Can physical energy contracts ever be classed as derivatives?

Wikipedia says:

"Derivatives are financial contracts, or financial instruments, whose values are derived from the value of something else (known as the underlying). The underlying value on which a derivative is based can be an asset (e.g., commodities, equities (stocks), residential mortgages, commercial real estate, loans, bonds), an index (e.g., interest rates, exchange rates, stock market indices, consumer price index (CPI) — see inflation derivatives), weather conditions, or other items. Credit derivatives are based on loans, bonds or other forms of credit."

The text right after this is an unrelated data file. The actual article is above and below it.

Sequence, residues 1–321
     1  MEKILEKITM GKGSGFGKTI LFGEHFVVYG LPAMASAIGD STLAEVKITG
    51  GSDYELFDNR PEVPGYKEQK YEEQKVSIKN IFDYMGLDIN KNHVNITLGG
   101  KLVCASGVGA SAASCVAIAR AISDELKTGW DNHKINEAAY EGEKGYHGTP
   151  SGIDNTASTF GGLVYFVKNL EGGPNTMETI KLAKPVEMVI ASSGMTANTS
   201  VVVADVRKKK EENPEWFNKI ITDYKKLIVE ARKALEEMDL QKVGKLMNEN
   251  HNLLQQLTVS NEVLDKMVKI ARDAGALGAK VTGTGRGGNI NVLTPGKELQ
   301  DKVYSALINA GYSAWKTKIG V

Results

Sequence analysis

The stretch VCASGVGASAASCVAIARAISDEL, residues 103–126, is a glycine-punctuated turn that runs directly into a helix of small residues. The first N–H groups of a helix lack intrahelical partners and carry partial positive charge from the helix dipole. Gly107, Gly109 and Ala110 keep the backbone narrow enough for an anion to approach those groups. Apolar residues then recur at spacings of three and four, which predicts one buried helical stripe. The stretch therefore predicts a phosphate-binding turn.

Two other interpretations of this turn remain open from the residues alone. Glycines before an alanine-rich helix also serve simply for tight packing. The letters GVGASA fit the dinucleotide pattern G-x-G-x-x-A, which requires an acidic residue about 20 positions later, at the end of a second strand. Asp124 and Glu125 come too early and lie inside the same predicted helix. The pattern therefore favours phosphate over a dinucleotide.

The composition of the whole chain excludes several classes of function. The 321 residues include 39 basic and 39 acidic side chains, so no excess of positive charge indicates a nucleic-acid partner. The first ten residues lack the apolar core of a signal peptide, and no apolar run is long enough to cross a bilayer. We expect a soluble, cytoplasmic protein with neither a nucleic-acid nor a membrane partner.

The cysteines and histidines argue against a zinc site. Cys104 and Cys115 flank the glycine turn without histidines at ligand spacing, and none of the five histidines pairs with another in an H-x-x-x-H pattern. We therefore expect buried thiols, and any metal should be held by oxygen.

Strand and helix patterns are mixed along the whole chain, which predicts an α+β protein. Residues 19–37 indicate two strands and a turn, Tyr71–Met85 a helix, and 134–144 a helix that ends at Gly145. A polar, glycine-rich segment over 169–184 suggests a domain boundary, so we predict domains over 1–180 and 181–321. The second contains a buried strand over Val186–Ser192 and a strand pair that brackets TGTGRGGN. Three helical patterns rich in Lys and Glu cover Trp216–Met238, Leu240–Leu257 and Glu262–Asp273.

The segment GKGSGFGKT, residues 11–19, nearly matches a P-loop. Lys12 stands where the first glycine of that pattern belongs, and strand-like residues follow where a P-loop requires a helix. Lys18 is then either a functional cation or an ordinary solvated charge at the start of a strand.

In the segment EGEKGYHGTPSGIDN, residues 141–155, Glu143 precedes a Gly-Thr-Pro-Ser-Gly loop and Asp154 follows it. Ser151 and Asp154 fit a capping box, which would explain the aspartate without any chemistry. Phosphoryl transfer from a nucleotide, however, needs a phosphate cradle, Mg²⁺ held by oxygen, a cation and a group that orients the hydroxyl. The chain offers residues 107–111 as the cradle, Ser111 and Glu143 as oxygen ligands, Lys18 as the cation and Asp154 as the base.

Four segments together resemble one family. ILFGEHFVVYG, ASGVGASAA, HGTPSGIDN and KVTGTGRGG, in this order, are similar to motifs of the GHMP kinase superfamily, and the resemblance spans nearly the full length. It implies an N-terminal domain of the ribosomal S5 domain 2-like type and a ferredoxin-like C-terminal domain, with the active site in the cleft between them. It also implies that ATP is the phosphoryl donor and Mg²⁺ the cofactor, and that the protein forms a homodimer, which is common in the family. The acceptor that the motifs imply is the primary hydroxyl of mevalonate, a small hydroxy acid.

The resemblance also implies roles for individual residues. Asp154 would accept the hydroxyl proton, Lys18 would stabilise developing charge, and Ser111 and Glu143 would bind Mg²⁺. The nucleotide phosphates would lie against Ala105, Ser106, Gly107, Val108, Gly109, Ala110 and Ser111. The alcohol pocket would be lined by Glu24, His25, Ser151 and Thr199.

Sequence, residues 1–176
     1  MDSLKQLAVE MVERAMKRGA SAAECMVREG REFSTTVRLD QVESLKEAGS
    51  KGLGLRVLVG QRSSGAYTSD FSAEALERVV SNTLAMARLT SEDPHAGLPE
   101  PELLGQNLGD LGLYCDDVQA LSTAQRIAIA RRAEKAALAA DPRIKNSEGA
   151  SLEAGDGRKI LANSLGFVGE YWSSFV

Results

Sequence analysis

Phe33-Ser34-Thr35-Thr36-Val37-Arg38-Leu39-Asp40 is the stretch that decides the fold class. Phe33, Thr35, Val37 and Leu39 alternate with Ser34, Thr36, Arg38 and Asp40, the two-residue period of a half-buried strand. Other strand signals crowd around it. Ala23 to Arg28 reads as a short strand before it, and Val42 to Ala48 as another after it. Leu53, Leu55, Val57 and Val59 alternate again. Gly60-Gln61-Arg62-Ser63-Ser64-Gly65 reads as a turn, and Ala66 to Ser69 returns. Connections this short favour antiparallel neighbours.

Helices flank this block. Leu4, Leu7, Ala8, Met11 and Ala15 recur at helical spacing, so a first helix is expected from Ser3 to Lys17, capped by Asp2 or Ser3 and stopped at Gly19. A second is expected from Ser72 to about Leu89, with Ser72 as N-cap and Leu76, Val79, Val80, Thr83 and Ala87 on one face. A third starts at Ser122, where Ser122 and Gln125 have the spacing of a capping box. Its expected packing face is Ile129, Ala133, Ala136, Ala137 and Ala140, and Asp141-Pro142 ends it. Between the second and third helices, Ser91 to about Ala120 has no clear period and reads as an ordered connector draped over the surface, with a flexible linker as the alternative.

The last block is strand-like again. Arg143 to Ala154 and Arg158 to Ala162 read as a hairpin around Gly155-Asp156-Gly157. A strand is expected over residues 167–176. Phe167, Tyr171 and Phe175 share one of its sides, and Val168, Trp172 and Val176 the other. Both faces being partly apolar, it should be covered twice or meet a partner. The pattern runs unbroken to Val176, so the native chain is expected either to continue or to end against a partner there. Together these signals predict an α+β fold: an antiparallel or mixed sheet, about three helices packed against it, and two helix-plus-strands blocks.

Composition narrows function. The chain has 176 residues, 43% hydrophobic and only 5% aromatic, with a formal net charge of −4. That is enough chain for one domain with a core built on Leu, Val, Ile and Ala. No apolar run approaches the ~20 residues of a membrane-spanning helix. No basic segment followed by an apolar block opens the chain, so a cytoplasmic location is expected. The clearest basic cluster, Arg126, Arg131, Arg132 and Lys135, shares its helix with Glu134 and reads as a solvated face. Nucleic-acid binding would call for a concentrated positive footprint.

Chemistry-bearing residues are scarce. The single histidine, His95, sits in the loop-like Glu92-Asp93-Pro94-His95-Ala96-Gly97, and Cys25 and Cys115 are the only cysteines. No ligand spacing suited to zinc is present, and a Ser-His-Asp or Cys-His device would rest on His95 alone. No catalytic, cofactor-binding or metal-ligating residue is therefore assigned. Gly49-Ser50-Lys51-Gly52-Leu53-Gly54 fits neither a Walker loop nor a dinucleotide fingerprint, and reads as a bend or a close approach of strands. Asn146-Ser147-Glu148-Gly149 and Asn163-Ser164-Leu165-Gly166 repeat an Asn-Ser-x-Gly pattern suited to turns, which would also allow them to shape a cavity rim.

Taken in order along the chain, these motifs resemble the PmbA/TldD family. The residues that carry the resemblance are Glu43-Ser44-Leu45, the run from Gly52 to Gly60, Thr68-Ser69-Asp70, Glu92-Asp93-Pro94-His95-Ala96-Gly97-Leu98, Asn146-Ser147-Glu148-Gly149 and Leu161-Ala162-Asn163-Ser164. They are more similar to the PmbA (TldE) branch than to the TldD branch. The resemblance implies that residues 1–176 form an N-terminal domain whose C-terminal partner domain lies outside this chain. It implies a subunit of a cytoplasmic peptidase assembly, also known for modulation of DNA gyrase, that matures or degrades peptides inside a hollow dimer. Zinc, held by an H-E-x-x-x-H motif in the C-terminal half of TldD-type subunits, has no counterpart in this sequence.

The reason this might be important is Tim Geithner's recent statements around the regulation and reporting of OTC derivative trading that he, through the Commodity Futures Trading Commission (CFTC); the Securities and Exchange Commission (SEC); and through amendments to the Commodity Exchange Act (CEA); wants to see implemented in the US

The major banks already fimiliar with this sort of requirement. They already have central trade warehouses for credit and other OTC derivatives. And they already understand the impact and benefits they can expect from a similar setup for commodities. But I am not sure it is as obvious for the major energy companies. Hence the question about physical derivatives.

How much will this regulation effect energy companies and if it does, are they ready?


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